A Nurse with a Gun

Friday, January 26, 2007

Gun Show: Preliminary Findings

After work today, I found myself at the gun show. It was a combination boating/outdoors/gun show, so there were a lot of boats and deluxe campers filling the convention center. As I was making my way through the camper trailers parked outside, I ran into Lester, an old friend and deputy sheriff. Lester told me he was going to the car to retrieve money to purchase a Smith & Wesson his daughter wanted. He bemusedly said it "spoke" to her. That was unusual. Lester is a very practical, non-collector type. We parted ways and decided to meet again inside the show.

Once inside, I found a plethora of Smith & Wessons available, if one were willing to cough up the cash. Among the J frames were two Model 36's priced at $325 and $365. There was a humpbacked Model 49 available for the first $350. A .32 caliber Model 30 was priced at $365, and a Model 37 Airweight Chief's Special was available for $365 as well. For buyer with more money than sense, a nickel Model 36 was tagged at $400. None of these revolvers were flatlatches, or even four or five screws. They were plain old pedestrian S&W revolvers. It was the first day of the show......I will watch these with interest over the next couple of days.

The K frame camp was also well represented with prices all over the map. There were a few Model 10s and Model 64s that looked to have been re-imported by Century Arms International. There were also refurbished Model 64s and 65s with bead blasted finishes and new aftermarket grips. I was not interested in those. I saw no pre-model 10s, and in fact, no five screw guns at all. There was a very rough Model 13-2 tagged at $230. It was a square butt four inch version, and the price was too high in regards to the condition. I found two different Model 10s that has a bit of finish wear, but which were still darned good shootin' guns. One was priced at $265, the other was priced at $325.

I began to look at 1911s, and I did not find many in my price range. There were a couple of parkerized Colt 1991s priced hopefully over $700 by the same dealer. Of course he declared that Colt no longer sells guns to the public. Right.... A dealer from the Pineville are had his NIB Colts at the show, along with many many other new guns. His blued Government Model NRM Colt was priced at $689. He had stainless and Commander versions as well for about $25 more. Other dealers had plenty of over polished and reblued Colt 1911s available in the $700-800 range. One dealer had an electroless nickel Series 70 Colt Commander priced at $900......Dadgum! I have about a thousand total invested in both of my e-nickel Commanders! There was also a 100% oak leaf engraved and reblued Ithaca with carved grips on a table for $800. That was an interesting gun, but the engraving, although skillfully done, did not have a good flow. Springfield GI45s in parkerizing were priced at $489, with stainless GI45s tagged at $515.

I began to look less at guns, and more at accessories and people walking around. I was hoping to spot the elusive N frame brought in be an uninterested heir. While watching for walkers, I purchased a bulk can of my favorite gun oil, Ballistol, and saved a bit on shipping charges. I also found a like new set of Herrett's skip checkered Government Model grips almost covered on a table. The owner was asking $20 for them. I offered $15. He agreed.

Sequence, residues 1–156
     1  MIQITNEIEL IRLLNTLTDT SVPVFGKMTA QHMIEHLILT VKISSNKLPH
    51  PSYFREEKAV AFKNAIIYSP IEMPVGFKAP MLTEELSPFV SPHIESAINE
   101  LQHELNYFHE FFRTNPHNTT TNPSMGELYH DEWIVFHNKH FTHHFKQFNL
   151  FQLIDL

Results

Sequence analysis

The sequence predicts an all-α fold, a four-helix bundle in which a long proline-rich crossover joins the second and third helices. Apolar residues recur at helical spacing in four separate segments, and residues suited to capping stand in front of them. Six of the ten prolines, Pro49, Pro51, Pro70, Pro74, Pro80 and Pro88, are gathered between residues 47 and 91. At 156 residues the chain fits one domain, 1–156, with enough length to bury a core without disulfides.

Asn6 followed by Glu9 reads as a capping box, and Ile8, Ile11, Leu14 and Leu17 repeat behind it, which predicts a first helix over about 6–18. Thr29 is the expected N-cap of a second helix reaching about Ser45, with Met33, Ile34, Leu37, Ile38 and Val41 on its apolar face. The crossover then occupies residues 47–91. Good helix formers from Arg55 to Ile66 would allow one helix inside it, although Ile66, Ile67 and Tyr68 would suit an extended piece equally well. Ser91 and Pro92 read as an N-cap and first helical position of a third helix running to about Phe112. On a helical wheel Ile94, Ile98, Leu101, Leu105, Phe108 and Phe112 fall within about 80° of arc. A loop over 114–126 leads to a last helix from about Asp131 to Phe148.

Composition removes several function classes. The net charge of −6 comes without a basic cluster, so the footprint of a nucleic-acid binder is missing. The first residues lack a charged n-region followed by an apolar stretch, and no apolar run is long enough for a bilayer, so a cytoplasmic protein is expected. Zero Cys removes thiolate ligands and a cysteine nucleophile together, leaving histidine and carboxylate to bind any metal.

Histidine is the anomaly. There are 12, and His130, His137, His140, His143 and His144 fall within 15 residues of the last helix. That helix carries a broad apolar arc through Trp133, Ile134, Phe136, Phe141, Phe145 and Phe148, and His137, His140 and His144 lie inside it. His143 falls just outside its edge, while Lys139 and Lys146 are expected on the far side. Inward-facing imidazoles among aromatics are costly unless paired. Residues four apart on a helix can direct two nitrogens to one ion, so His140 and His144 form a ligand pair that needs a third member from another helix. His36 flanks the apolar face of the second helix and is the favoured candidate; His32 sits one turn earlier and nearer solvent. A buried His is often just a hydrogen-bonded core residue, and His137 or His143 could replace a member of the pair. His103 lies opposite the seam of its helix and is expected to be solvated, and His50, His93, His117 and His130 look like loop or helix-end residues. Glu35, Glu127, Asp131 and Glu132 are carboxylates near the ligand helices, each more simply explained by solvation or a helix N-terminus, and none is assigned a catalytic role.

Finally, I ran into Lester again. He was fairly strutting. He pulled a three and a half inch Model 27-2 from his belt to show me. Damn, I wished I had seen that gun first. It spoke to me too....It was a well worn Model 27, with a finish that almost looked like worn off parkerizing. The grips were battered, but correct. Lester speculated that this had been a law man's sidearm, and I suspect he was correct. The old gal still locked up tighter than Dick's hat band, and the rifling was good as well. The weathered finish made it an outstanding gun for carry. It was truly a grab and go no worries N frame. I tentatively probed Lester for the price he paid. He said $265 was the price on the tag, and the dealer would not budge. Damn. I told Lester he should be glad the gun spoke to his daughter first! If you ever want to get out from under it, Lester........

It had been a long day of surgeries capped off by gun show meanderings. I left to get some supper and make plans to return tomorrow.

Labels:

2 Comments:

Blogger The Conservative UAW Guy said...

Why Ballisto?

I've been using FP-10 for a while now, and my gunsmith and machinist friends like it a lot. Seems to clean very well, too.
Geek with a 45 was really liking Rem Oil.

Not doubting you, just curious.
Cleaning and lubrication seems to be a black art more than science....

7:01 PM  
Blogger Xavier said...

Several years back, I had built a 1911, tightened the slide to the frame, and refinished the piece. When I slide the slide on the frame, it came to a screeching tight halt. It was stuck. I tried a few gentle smacks with a rawhide hammer to no avail. A gunsmith friend handed me a squirt bottle of ballistol, saying "try this." I upended the 1911, squirted Ballistol along the rails, and within seconds the slide began to move, and then slid so slickly it was like oil on glass. I've been a believer in ballistol for stuck stuff and really slickery lubrication ever since.

9:19 PM  

Post a Comment

<< Home

Links to this post:

Create a Link